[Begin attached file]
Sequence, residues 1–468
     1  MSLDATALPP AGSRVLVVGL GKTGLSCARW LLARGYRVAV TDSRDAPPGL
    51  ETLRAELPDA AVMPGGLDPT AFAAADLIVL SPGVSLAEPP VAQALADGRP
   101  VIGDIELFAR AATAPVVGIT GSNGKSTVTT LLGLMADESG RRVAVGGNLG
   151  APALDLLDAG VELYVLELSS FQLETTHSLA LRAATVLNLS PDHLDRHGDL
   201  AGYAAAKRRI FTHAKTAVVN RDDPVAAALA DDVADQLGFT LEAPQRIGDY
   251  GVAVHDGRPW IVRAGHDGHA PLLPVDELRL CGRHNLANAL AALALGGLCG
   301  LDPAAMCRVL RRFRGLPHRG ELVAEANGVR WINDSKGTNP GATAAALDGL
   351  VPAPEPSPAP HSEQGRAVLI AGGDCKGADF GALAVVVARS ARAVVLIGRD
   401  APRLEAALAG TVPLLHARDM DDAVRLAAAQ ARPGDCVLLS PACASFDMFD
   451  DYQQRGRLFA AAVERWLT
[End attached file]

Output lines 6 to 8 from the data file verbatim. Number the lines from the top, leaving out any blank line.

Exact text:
   201  AGYAAAKRRI FTHAKTAVVN RDDPVAAALA DDVADQLGFT LEAPQRIGDY
   251  GVAVHDGRPW IVRAGHDGHA PLLPVDELRL CGRHNLANAL AALALGGLCG
   301  LDPAAMCRVL RRFRGLPHRG ELVAEANGVR WINDSKGTNP GATAAALDGL